Last night I dined with my best friends. I had forgotten to bring a bottle of wine as I had planned, so I announced I would pull one from the hallway.
In the hallway with an average mean temperature of about 70 degrees sits a large unfinished wood piece designed for a restaurant with 8 divided areas for wine on their sides below and slots for hanging upside down wine glasses in above, an area filled with half bottles of wine, books, etc. About every two years I go through the same exercise. I take out what's gone bad since I did this last, and rearrange the wines by order of recommended consumption.
After all was done, I put a bottle of Chalk Hill 1998 Pinot Gris in the freezer thinking with its 14.9% alcohol that it might still be good. I also uprighted and sat on the counter a bottle of Caymus 1992 Napa Valley Cabernet Sauvignon. I had just told them about tasting the 2006 a day ago, and how one winemaker on the panel had said it 'should be a drink at Starbucks' it was so chock full of black cherry/cocoa/coffee/coconutty deliciousness. Worth every penny.
When dinner rolled around, we found both wines to have held up remarkably well, considering. The Pinot Gris had darkened to amber, but like Judy Dench, though very mature, was still quite lovely. Beguiling aromas and flavors of toasted nuts, dried pear, hints of baking spice, burnt sugar, and a touch of fetid white flowers. Surprisingly, it paired perfectly with the kale, caramelized shallot mashed fingerling potatoes. The Caymus was a little nasty on opening, but with some air time opened up nicely to reveal layers of dried black cherry, old leather, faint cedar, damp earth and roasted meat. Tannins were practically nonexistent, making the acid a little dominant, but it was still holding together, albeit obviously past its prime. Both wines should have been consumed (with such storage conditions) about 6 or so years ago.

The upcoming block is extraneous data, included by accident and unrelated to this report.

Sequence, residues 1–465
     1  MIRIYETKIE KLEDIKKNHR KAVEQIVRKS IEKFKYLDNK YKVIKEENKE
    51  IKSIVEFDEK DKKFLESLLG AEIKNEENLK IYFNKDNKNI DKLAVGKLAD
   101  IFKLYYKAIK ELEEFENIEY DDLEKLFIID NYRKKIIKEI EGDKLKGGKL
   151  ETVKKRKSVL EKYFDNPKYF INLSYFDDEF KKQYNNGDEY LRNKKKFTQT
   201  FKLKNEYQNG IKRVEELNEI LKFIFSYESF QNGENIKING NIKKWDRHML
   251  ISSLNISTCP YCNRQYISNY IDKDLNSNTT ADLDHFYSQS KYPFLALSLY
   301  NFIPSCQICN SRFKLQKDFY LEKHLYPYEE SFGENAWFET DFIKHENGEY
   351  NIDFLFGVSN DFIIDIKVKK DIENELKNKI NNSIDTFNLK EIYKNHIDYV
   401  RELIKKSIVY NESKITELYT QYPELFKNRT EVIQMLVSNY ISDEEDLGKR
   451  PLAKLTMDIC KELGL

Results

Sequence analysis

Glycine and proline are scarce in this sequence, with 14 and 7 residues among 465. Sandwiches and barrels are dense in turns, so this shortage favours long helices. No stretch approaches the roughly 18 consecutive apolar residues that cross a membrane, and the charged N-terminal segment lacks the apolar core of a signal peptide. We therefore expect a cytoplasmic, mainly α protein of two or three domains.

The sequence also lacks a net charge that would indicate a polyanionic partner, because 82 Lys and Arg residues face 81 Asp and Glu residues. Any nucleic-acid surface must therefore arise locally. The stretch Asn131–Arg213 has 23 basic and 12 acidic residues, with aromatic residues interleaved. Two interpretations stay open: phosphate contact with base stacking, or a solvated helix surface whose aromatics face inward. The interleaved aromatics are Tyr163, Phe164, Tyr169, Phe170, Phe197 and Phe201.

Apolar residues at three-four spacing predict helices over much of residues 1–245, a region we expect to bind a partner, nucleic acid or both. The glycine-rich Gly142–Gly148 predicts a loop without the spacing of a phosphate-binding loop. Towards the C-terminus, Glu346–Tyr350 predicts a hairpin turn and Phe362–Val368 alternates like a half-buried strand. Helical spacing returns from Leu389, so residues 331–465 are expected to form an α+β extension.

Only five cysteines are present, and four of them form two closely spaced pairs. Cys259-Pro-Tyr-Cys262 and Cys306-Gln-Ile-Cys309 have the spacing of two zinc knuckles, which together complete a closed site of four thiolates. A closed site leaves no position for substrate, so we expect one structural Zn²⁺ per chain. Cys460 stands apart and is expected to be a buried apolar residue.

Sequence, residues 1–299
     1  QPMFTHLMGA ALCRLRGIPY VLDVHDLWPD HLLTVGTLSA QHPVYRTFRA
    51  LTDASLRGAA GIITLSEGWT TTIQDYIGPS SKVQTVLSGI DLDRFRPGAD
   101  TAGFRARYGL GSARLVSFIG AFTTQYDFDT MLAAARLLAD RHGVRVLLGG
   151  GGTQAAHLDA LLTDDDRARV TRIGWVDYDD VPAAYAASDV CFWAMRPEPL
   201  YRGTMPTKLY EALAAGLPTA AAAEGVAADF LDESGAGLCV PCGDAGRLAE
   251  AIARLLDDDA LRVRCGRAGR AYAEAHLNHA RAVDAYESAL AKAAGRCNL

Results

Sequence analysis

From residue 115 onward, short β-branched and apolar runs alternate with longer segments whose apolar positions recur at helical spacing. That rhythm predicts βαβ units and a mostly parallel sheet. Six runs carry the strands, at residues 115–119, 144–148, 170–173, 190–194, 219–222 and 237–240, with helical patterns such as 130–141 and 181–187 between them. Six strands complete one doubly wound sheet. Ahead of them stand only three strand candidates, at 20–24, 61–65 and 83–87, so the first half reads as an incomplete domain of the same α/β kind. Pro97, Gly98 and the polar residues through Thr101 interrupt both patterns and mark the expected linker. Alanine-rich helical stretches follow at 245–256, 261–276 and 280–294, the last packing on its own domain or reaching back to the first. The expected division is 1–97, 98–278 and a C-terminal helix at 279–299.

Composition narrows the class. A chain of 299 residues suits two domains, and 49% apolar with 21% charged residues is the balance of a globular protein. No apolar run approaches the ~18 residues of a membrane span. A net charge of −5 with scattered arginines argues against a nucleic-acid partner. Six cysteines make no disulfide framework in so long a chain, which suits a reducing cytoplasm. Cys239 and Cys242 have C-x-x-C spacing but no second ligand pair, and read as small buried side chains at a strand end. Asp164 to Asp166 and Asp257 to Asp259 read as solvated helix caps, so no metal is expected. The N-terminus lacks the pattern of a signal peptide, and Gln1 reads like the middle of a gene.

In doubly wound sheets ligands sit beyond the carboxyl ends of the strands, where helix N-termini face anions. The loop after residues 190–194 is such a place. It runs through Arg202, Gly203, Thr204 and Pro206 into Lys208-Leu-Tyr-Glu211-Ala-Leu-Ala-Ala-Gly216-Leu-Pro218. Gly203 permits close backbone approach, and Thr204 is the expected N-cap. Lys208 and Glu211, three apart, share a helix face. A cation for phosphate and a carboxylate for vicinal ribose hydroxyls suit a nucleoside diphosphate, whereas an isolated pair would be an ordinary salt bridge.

Due to the fact that the average American ages their wine about 20 minutes on the car seat, about 90% of all wine produced in the U.S. is meant to be consumed within 2 years of release. Approximately 8% is good for 2-4 years from release, leaving a mere 2% that is ageworthy beyond 4 years. And that's keeping the wines free from heat, light, and vibration. I store my wines under my bead. Ba-dumb-bum! But seriously folks, proper 'cellar' conditions means 55-60 degrees with about 70% humidity, so if you hold your wines in a space that's around 70-75 you have to cut that time in half. Please forget all together the two worst/popular spots for holding wine - on top of the fridge in the kitchen (heat rises) or in a display rack in your dining room with the afternoon sun beating down on it.
Which brings me to one point that often irritates me (a longlist) - What the hell are you people waiting for? A special occasion is usually the answer. Hey, any day where I come home from work to a roof over my head and can put good food and wine in my belly, that's something worth celebrating.
After having told a group once that storing your wine in the refrigerator for long periods of time wasn't good what with the humidifier drying out the cork and the vibrating and all, a woman asked me if that bottle of Dom Perignon she had in the fridge for six years would still be good. "Jeez lady" I wanted to tell her. "You've got worse problems than a bad bottle of champagne if you haven't had a reason to drink it in six years! What about your birthday, Christmas, Valentine's Day, Easter, New Year's, So Happy It's Thursday, for crying out loud! Anything!"
To sum up - it's better to drink a wine prematurely than posthumously. If you're doubly lucky to have friends to share it with, all the more reason to get to it! Remember, a great glass of wine elevates cheap food to gourmet standards. Be not ashamed to pair chardonnay with a Big Mac! Alas, the wine makes it seem like the world's finest sandwich!